In a new study, and one of the biggest yet, a team led by Arturo Alvarez-Buylla at the University of California at San Francisco completely failed to find any trace of young neurons in dozens of hippocampus samples, collected from adult humans. “If neurogenesis continues in adult humans, it’s extremely rare,” says Alvarez-Buylla. “It’s not as robust as what people have said, where you could go running and pump up the number of neurons.”Ed Yong, “Do Adult Brains Make New Neurons? A Contentious New Study Says No” at The Atlantic
But wait! Yet another recent study (open access) says, yes, the adult human brain does grow new neurons:
Now another group of scientists have published research that pushes back, revealing the new neurons are produced in this brain region in human adults and does not drop off with age. The findings, they say, could help in the hunt for ways to treat conditions ranging from Alzheimer’s to psychiatric problems.
“The exciting part is that the neurons are there throughout a lifetime,” said Dr Maura Boldrini from Columbia University in New York and first author of the new study published in the journal Cell Stem Cell. “It seems that indeed humans are different from mice – where [neuron production] goes down with age really fast – and this could mean that we need these neurons for our complex learning abilities and cognitive behavioural responses to emotions,” she said.Nicola Davis, “Humans produce new brain cells throughout their lives” at The Guardian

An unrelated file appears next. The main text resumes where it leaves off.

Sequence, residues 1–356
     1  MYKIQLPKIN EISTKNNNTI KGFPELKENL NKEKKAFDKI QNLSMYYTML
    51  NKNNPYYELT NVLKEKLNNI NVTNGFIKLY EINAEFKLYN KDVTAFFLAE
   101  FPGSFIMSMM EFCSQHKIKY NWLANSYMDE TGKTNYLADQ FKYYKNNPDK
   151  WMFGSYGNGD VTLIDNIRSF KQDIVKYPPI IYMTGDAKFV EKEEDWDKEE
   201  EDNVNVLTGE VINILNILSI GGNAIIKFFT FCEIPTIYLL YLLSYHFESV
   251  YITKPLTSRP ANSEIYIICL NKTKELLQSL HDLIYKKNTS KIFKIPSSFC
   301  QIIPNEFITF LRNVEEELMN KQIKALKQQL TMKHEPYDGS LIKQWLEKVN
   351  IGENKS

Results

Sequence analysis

Sounds quite a tangle.
The bottom line is that when we read, for example, that “Scientists Are Closer to Making Artificial Brains That Operate Like Ours Do” (as above), we might ask: If career researchers dispute the question of how the brain works at basic levels, how can non-experts be so sure they have replicated it?
Maybe it’s worse than they fear. Perhaps the brain doesn’t and can’t operate like a piece of machinery at all. And vice-versa.
See also: Brains are not billions of little computers
Researchers identify a new form of brain communication